Apple browser bug could lead to personal data leak
A vulnerability in the Safari 15 browser allows malicious programs to track people’s internet activity and reveal their identity
A recently disclosed Apple Safari 15 bug can be used by nefarious sites to extract people’s browsing history and obtain their Google ID to collect more personal data, a fraud detector reports.
The problem identified by FingerprintJS, a browser fingerprinting fraud detection service, resides with IndexedDB – an application programming interface, or API, used to store large amounts of data on a browser.
Normally, such data collecting interfaces operate within the ‘same-origin’ policy: they only allow websites a person interacts with to access data generated by each such website itself but not the other ones. For example, if a person opens their email account in one browser tab and another webpage in the second one, this webpage would not be able to access any email-related data.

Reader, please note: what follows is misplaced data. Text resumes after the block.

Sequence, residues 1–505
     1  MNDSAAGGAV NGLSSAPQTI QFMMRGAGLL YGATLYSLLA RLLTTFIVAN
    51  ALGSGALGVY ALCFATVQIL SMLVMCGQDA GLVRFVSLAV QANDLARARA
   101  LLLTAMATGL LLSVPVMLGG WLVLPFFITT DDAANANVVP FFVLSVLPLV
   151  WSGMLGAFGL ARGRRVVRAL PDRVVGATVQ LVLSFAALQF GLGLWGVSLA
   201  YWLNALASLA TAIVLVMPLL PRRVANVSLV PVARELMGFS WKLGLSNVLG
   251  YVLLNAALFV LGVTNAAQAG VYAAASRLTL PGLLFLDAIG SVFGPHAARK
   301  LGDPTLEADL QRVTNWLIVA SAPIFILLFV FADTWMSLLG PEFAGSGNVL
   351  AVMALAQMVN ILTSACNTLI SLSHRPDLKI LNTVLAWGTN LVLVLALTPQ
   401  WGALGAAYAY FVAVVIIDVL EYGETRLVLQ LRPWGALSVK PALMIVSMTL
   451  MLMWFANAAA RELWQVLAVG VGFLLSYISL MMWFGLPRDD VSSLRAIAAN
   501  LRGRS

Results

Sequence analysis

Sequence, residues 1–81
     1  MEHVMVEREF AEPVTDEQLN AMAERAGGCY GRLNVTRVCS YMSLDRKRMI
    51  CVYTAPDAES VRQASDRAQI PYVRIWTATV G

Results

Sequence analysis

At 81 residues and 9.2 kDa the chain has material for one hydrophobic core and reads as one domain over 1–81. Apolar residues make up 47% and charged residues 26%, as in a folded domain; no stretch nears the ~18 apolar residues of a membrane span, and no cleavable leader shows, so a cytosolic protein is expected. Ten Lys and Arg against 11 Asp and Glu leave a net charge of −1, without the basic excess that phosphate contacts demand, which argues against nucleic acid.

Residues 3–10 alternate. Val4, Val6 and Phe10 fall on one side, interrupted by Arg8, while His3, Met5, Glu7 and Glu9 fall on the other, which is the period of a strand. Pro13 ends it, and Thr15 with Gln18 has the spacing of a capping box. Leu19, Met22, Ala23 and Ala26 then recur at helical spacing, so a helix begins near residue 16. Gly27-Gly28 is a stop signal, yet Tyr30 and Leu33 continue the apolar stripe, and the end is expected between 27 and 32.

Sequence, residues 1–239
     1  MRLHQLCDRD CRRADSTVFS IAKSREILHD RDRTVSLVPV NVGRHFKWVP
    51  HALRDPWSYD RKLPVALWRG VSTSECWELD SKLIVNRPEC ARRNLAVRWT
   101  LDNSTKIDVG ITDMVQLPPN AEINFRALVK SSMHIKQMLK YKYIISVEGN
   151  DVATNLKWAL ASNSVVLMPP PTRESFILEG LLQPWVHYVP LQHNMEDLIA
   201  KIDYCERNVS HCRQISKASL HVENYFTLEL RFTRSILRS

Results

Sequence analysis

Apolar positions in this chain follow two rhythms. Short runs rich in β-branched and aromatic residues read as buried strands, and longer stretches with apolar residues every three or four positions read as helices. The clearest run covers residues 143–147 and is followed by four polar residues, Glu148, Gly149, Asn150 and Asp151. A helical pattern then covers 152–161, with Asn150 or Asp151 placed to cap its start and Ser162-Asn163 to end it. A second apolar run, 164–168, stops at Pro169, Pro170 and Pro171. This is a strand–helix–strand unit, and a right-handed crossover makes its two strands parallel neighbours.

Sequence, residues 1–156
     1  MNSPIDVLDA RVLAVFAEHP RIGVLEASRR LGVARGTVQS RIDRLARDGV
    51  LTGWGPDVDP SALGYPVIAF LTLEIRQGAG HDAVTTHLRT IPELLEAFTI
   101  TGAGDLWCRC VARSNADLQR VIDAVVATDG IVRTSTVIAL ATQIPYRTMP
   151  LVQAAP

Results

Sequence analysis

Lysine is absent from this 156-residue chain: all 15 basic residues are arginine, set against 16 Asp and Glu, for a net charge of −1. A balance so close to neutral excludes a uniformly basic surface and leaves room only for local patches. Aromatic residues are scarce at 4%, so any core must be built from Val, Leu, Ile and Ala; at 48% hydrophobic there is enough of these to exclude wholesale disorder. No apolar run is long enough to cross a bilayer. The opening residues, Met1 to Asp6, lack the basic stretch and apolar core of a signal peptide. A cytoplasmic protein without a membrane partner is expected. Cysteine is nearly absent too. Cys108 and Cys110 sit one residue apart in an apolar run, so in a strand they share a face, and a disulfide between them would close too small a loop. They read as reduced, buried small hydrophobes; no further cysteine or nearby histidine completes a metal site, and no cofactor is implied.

When it comes to Safari 15, though, this is not the case. Due to Apple’s application of the IndexedDB API, each time a website interacts with the browser database, a new database of the same name is created for all other active tabs. That means that each such site can access database names for all other sites a person interacts with at the same time.
This can be particularly disturbing when a person interacts with some web pages requiring some personal data like YouTube or Google accounts. Any Google ID-linked pages create databases with a person’s unique Google User ID in their names, which are then de-facto shared with all other websites a person opens and can thus be potentially exploited by nefarious actors, including to obtain more personal data once they know the Google ID.
MacOS owners can potentially just use a browser other than Safari to get around the bug but there is little iPhone and iPad owners can do since Apple’s third-party browser engine ban on all iOS devices means all browsers are affected. Private mode on Safari 15 is affected as well.
FingerprintJS even created a special demo to show how website data, browsing history and personal data are collected by Safari in a way that reveals a person’s internet profile picture. It also said it reported the issue to the WebKit Bug Tracker on November 28, but no updates to fix the issue have been released as of yet. Apple also has not answered media requests for comment so far.